In connection with the sale of our common stock or interests therein, the selling stockholder may enter into hedging transactions with broker-dealers or other financial institutions which may in turn engage in short sales of our common stock in the course of hedging the positions they assume. The selling stockholder may, after the date of this prospectus, also sell shares of our common stock short and deliver these securities to close out their short positions, or loan or pledge their common stock to broker-dealers that in turn may sell these securities. The selling stockholder may also enter into option or other transactions with broker-dealers or other financial institutions or the creation of one or more derivative securities which require the delivery to such broker-dealer or other financial institution of shares offered by this prospectus, which shares such broker-dealer or other financial institution may resell pursuant to this prospectus (as supplemented or amended to reflect such transaction).

 

The selling stockholder also may transfer the shares of common stock in other circumstances, in which case the transferees, pledgees or other successors in interest will be the selling beneficial owners for purposes of this prospectus.

 

The selling stockholder and any broker-dealers or agents that are involved in selling the shares may be deemed to be “underwriters” within the meaning of the Securities Act in connection with such sales. In such event, they will be subject to the prospectus delivery requirements of the Securities Act, any commissions received by such broker-dealers or agents and any profit on the resale of the shares purchased by them may be deemed to be underwriting commissions or discounts under the Securities Act, and federal securities laws, including Regulation M, may restrict the timing of purchases and sales of our common stock by the selling stockholder and any other persons who are involved in the distribution of the shares of common stock pursuant to this prospectus. The selling stockholder has informed us that he does not have any agreement or understanding, directly or indirectly, with any person to distribute the common stock.

 

We may be required to amend or supplement this prospectus in the event that (a) a selling stockholder transfers securities under conditions which require the purchaser or transferee to be named in the prospectus as a selling stockholder, in which case we will be required to amend or supplement this prospectus to name the selling stockholder, or (b) any one or more selling stockholder sells stock to an underwriter, in which case we will be required to amend or supplement this prospectus to name the underwriter and the method of sale.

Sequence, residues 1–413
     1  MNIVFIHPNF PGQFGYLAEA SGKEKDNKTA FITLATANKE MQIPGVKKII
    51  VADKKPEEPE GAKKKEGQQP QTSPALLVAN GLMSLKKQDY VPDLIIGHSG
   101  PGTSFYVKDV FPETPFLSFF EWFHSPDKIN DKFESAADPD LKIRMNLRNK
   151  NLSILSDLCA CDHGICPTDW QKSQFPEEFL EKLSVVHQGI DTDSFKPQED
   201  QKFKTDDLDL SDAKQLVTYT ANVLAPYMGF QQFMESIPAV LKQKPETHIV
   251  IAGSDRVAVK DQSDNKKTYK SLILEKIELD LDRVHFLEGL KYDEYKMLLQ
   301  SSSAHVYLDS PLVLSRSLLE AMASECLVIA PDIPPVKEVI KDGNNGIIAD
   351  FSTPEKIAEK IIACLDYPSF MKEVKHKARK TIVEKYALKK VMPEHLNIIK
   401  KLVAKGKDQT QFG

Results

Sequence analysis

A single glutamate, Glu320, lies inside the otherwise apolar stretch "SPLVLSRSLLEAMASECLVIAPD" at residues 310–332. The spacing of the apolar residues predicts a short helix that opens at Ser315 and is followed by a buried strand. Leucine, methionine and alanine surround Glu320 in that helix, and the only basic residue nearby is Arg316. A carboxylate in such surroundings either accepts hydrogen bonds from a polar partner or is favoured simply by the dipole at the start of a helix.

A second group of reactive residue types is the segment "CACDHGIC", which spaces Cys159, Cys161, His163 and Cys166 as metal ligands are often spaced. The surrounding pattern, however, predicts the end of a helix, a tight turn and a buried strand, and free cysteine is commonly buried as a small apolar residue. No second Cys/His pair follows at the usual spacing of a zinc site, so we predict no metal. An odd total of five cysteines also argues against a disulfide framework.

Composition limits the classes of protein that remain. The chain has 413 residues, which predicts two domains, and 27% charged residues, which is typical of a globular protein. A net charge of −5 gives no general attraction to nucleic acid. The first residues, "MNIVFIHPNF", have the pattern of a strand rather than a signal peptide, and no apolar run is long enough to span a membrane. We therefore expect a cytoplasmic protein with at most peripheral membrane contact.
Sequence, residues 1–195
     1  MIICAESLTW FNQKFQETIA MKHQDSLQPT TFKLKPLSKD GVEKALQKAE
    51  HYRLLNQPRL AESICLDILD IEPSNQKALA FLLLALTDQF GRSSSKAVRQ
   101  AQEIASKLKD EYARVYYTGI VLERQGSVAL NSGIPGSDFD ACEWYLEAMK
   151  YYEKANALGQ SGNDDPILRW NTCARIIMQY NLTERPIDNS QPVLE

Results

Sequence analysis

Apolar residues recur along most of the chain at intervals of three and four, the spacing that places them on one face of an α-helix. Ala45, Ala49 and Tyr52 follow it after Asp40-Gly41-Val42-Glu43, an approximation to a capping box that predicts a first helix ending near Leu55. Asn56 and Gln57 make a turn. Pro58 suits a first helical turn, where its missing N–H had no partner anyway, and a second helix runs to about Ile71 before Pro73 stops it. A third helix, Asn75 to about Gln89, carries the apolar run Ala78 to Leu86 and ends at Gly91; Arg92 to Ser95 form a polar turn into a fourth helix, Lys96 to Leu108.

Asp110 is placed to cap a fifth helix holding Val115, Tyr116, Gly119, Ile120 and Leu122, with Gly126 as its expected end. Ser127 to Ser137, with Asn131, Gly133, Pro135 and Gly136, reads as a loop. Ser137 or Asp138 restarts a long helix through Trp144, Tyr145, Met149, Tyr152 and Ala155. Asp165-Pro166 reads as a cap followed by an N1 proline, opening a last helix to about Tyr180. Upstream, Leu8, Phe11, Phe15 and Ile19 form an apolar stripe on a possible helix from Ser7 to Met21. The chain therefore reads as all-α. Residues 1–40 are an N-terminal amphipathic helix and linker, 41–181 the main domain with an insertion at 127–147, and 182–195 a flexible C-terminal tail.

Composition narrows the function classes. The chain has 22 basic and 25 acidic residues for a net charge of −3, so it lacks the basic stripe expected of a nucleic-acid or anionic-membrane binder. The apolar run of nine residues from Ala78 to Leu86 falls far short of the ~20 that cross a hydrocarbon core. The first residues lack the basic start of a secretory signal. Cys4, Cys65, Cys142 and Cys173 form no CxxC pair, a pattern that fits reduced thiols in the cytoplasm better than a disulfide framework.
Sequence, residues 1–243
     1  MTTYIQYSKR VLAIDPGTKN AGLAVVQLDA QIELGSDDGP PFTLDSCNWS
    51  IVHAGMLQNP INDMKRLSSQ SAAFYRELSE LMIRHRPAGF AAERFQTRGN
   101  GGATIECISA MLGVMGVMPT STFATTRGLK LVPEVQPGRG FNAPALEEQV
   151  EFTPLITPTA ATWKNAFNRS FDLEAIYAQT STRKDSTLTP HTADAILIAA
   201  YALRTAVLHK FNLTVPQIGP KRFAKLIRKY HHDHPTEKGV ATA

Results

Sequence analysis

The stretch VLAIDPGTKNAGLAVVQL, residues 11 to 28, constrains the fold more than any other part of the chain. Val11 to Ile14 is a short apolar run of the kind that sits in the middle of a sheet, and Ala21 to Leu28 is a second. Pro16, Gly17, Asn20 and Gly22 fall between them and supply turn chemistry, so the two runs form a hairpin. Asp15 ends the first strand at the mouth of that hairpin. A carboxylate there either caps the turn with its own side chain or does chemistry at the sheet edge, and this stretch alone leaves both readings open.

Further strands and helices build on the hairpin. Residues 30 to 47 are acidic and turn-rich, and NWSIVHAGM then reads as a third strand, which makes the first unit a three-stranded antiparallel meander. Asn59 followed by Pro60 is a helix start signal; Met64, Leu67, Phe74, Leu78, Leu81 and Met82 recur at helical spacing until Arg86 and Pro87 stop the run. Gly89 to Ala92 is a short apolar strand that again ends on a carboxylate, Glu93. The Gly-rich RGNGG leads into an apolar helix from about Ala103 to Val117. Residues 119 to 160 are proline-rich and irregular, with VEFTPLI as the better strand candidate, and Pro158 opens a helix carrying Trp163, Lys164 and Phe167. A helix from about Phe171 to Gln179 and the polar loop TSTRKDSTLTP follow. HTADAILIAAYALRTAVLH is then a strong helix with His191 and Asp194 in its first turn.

We are paying all fees and expenses incident to the registration of the shares. We have agreed to indemnify the selling stockholder against certain losses, claims, damages and liabilities, including liabilities under the Securities Act.

 

MARKET FOR COMMON STOCK AND RELATED STOCKHOLDER MATTERS

 

Our common stock is listed on the OTCQB market and has been traded under symbol JRVS since May 4, 2018. From April 2014 until May 3, 2018, our common stock was traded under the symbol DIMN. The market for our common stock is limited and can be volatile. The following table sets forth the high and low bid prices relating to our common stock on the OTCQB on a quarterly basis for the periods indicated, as reported by the OTC Markets Group website. The quotations reflect interdealer prices, without retail markup, markdown or commission, and may not represent actual transactions.

 

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Quarter Ended

 

High Bid

 

 

Low Bid

 

July 31, 2018

 

 0.11

 

 

$

 0.185

 

April 30, 2018

 

$ 0.15

 

 

$ 0.045

 

January 31, 2018

 

$ 0.065

 

 

$ 0.022

 

October 31, 2017

 

$ 0.13

 

 

$ 0.03

 

July 31, 2017

 

$ 0.15

 

 

$ 0.221

 

April 30, 2017

 

$ 0.209

 

 

$ 0.08

 

January 31, 2017

 

$ 0.21

 

 

$ 0.10

 

October 31, 2016

 

$ 0.51

 

 

$ 0.158

 

July 31, 2016

 

$ 0.46

 

 

$ 0.17

 

April 30, 2016

 

$ 0.55

 

 

$ 0.18

 

January 31, 2016

 

$ 0.8499

 

 

$ 0.3651

 

October 31, 2015

 

$ 0.64

 

 

$ 0.2501

 

 

On September 6, 2018, the last reported price for the common stock, as reported on the OTC Markets website, was $0.18.

 

Stockholders

 

As of July 20, 2018 we had 28 stockholders of record of our common stock.

 

Transfer Agent

 

The transfer agent for the common stock is Globex Transfer, LLC, 780 Deltona Blvd., Suite 202, Deltona, FL 32725, telephone (813) 344-4490.

 

Dividend Policy

 

We have not paid dividends and we do not anticipate paying dividends in the near future.

 

BUSINESS

 

Our Business